Boeing has suspended its mandate to provide coronavirus vaccinations for U.S. workers on Friday, following a U.S. District Court decision that halted President Joe Biden’s mandate for federal contractors.
Boeing is committed to maintaining a safe work environment and improving the safety and health of its global workforce. Boeing has now suspended its requirement for vaccinations after careful consideration. This was in accordance with a Federal Court’s decision that prohibits enforcement of the executive order of the federal contractor and other state laws.
Boeing workers joined other employees in protest against vaccine mandates last month. Boeing’s vaccine requirement was put into effect by Biden in October. He required federal contractors to vaccinate all employees and conduct regular testing. The original deadline for vaccination was December 8. However, the Biden Administration extended it to January 4.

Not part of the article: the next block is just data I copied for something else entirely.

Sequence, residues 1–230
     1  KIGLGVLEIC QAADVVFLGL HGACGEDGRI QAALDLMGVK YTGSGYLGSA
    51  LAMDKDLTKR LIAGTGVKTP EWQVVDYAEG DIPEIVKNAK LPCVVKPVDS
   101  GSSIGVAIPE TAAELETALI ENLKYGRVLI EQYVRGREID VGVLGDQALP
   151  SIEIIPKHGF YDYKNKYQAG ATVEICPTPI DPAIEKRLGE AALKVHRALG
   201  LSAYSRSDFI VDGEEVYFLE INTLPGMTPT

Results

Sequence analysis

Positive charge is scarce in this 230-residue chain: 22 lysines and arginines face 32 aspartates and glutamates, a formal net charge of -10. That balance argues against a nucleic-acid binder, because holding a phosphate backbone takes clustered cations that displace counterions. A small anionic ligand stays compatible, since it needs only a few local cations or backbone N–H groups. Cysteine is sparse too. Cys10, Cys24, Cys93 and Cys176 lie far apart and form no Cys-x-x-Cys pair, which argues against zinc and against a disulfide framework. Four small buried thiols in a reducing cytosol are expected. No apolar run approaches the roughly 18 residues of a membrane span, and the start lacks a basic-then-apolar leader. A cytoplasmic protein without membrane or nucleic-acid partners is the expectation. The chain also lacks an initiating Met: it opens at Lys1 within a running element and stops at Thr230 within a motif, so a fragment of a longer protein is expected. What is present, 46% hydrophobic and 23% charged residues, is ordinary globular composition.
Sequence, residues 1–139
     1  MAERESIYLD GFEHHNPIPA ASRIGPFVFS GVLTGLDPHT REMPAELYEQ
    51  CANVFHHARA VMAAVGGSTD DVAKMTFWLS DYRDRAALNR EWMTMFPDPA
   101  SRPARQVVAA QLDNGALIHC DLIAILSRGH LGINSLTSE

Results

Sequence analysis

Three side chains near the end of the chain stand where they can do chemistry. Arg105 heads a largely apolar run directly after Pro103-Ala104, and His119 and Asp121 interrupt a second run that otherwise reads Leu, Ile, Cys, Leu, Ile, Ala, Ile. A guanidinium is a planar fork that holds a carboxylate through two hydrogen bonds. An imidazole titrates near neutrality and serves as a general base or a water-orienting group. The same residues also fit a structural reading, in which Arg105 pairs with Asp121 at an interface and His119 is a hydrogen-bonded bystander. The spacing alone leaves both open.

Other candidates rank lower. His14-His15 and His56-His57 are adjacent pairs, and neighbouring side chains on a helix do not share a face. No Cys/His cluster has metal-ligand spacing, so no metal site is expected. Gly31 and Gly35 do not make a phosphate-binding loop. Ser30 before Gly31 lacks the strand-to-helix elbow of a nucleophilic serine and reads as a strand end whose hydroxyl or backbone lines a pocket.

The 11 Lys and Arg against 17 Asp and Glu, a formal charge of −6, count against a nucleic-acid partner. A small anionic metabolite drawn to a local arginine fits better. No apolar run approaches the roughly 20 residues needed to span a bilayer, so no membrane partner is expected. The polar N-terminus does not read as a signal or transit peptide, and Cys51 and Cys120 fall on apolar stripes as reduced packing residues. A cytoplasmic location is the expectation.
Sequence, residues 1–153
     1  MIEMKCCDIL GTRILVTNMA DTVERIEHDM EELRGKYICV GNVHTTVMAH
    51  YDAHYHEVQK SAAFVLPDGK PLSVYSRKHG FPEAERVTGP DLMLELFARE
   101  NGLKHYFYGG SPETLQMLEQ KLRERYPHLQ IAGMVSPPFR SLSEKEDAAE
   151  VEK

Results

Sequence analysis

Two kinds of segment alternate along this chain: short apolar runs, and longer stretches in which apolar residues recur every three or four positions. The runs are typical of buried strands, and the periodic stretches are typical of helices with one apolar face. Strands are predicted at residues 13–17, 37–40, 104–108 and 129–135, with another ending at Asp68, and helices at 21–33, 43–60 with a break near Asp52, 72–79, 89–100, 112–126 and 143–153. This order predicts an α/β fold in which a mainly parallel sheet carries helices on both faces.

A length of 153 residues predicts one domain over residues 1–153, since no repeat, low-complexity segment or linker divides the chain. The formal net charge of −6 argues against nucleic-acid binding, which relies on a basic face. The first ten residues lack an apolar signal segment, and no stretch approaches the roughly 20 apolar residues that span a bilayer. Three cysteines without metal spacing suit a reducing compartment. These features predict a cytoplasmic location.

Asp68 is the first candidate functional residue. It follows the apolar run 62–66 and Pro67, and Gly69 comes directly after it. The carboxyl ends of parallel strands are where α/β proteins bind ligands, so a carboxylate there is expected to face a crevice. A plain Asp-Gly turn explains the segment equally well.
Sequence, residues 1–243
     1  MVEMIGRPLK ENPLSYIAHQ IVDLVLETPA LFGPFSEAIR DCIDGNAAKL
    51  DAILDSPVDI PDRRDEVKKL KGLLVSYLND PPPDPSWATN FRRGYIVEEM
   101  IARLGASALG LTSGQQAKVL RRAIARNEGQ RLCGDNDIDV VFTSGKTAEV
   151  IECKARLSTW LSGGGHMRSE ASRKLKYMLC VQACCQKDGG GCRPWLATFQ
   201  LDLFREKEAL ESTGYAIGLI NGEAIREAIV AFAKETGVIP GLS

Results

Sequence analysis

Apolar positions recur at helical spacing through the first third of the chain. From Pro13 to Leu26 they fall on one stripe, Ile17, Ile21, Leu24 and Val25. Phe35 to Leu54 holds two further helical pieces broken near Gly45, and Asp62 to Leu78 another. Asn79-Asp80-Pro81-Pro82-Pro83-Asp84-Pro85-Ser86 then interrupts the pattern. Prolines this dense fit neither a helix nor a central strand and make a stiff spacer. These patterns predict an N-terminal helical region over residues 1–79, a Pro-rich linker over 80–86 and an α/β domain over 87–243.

The U.S. District Court for the Southern District of Georgia had earlier this month ordered the Biden administration not to enforce “all covered contracts in any territory or state of the United States of America.” Boeing vaccinated over 90 percent of its employees during the mandate.
An internal Boeing announcement stated that “Boeing’s success in vaccinating its employees to date places the company in a strong position to comply with the federal executive orders should they be reinstated in future.”
Over 11,000 Boeing employees applied for an exemption to the mandate based on religious or medical grounds. This number represents roughly nine percent of U.S. employees. Boeing joins other companies such as General Electric, HCA Healthcare, and Spirit AeroSystems that have recently suspended their vaccine requirements.